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The Lake of Bones

I’m not a villain. You eat hapless chickens and cows and pigs. At least my prey has the chance to choose another fate.

They choose to come here, to the Lake of Bones, to where the pine trees stab at sky and water alike. But look closer. It’s not quite the same, for I stand in the water, the sword cleaving me in two.

Some who see me think it’s the way the clouds cast shadows on the shale and limestone of the riverbed; an optical illusion nothing to be afraid of. They wouldn’t work for me anyway; it’s flavorless with no imagination. I suppose if I were truly starving I could eat it, but it wouldn’t satisfy. It’s junk food, no sooner eaten than I’m hungry again.

I do try to conserve, you see.

Some, though, see me for what I am. I can always tell, no matter how cool they try to play it. It’s in the way their eyes light up and the way their nerves all sing with discovery and the lightning burst of newness.

The smart ones leave then, and I let them. They go back with Ideas; a lady of the lake, a brutally slain Princess/Queen/Prioress/Sorceress. Their stories feed me almost as much as the ones who become my dinner.

But some, with that spark of creativity and without the wisdom to leave well enough alone… Those few dive in, headfirst. They fling themselves into the fray, and when they pull the sword from me, it turns on them.

I drink the blood it spills then draw them closer and slip their frlesh from their bones.

They don’t mind, I promise. They’re done with it. Why shouldn’t I use it?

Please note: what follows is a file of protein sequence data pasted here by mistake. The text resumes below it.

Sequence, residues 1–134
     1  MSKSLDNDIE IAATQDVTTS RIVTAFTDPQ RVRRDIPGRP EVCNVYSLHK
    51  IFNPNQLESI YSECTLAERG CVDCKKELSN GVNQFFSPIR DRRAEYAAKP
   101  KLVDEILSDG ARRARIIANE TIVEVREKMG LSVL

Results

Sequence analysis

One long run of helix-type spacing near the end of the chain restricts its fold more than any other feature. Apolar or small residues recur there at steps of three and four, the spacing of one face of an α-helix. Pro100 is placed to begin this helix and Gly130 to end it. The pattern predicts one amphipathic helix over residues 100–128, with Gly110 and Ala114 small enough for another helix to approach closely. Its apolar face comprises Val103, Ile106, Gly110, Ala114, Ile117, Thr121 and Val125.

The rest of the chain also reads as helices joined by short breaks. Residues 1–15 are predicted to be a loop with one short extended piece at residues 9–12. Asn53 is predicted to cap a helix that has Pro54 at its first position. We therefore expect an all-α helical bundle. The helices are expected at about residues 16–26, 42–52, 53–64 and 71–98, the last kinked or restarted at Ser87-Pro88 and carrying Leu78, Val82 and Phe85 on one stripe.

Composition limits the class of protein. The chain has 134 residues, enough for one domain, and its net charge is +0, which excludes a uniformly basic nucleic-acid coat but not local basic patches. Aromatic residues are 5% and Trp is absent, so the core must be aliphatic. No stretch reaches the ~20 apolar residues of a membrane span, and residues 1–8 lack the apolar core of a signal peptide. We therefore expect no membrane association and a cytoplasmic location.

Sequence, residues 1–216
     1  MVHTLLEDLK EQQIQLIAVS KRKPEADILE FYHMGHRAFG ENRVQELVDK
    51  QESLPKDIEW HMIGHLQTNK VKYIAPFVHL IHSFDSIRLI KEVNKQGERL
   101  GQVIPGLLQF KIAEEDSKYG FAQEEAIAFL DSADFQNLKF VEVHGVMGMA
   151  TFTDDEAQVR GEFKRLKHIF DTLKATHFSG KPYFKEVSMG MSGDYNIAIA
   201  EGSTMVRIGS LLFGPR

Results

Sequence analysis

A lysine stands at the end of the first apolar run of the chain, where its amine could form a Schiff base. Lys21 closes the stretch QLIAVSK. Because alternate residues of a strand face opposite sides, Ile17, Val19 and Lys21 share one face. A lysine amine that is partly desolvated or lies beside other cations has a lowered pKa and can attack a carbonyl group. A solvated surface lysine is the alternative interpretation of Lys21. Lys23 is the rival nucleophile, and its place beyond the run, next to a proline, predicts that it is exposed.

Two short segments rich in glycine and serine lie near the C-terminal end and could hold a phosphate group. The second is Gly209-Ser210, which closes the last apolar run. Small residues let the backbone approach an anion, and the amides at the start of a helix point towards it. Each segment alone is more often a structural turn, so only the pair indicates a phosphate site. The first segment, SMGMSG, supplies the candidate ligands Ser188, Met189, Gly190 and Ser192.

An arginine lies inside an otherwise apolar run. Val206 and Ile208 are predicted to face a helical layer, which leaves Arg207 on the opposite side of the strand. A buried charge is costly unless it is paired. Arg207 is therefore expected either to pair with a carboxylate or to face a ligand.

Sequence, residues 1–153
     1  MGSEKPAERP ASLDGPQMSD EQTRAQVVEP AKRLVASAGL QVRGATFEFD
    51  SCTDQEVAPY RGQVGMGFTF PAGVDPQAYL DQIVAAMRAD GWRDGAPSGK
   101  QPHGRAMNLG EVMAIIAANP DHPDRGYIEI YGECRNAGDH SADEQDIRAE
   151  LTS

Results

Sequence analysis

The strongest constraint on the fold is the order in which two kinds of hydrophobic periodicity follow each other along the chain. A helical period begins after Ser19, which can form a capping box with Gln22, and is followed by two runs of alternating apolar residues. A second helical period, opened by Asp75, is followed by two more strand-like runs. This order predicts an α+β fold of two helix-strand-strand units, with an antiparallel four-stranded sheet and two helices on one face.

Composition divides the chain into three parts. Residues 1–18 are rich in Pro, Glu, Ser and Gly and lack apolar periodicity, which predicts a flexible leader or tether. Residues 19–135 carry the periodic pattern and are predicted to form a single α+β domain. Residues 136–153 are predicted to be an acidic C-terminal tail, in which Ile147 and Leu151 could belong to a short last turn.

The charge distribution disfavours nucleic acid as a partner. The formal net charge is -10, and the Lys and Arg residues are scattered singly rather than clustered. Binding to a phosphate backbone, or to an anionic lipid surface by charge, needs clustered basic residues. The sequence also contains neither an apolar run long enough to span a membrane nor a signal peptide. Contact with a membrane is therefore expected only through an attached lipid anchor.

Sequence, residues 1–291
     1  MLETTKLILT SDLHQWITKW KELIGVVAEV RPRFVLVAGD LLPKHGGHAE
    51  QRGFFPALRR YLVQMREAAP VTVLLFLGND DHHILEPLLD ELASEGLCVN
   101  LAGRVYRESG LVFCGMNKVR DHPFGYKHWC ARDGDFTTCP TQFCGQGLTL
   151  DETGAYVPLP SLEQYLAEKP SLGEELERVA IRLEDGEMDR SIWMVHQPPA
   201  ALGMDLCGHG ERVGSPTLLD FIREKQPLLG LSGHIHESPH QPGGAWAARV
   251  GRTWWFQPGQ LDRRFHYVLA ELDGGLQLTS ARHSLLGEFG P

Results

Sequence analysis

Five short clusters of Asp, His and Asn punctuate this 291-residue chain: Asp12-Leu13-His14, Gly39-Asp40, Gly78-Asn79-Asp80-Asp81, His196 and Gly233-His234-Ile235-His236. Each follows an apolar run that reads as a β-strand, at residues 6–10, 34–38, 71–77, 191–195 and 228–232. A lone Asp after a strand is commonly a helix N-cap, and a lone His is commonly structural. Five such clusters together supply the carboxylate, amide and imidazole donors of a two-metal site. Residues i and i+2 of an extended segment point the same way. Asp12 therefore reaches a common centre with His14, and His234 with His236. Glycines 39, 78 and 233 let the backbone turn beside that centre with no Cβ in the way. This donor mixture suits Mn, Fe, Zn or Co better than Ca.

When I have fed, I am free.

I never get far. My new flesh is unfamiliar and I stumble at first, adjusting it to my needs. This one, you see, started out too long for me, so I pull the skin up and in, tucking it into itself. I don’t bother taking the organs, they just get in my way.

The air always feels amazing when I emerge, like an invisible massage, like the best sex of any of my lives.

If I am good, and with luck, the people they came with never even notice the change. Humans are good at ignoring the impossible. Still, they always find a reason to leave, then, leaving me alone. I say I’ll catch up. I say I’ll be there in a minute.

None of them ever look back. I like to think they know, that they’ll carry the tale with them.

I walk along the edge of my lake, I climb up the path along the edge of the trees, I try to find it.

Somewhere, on this mountain, is the key that will get me out of that lake for good. Somewhere is a scabbard, once jeweled, probably rusted now, and I have never found it. I don’t know what will happen, after so long, if I do find it.

Maybe I’ll be free of this hunger at last.

Maybe I’ll just be free.

The fog finds me, eventually, rolling in like a storm, galloping towards me like a beast. It sears at my borrowed flesh, it aches in my bones, breaking the connections as it seeps through the cracks and crevices and pores. When it freezes me out, it blows me away, light, drifting. Every time, I think I can just fly away, be free of this curse. Every time, I scream in frustration and pain as the sword slices me in half again.

Someday. Someday I will find that scabbard. Someday I will stop this cycle.

Until then, I will feed. And you, you will carry my story and lure fresh meals to the Lake of Bones.

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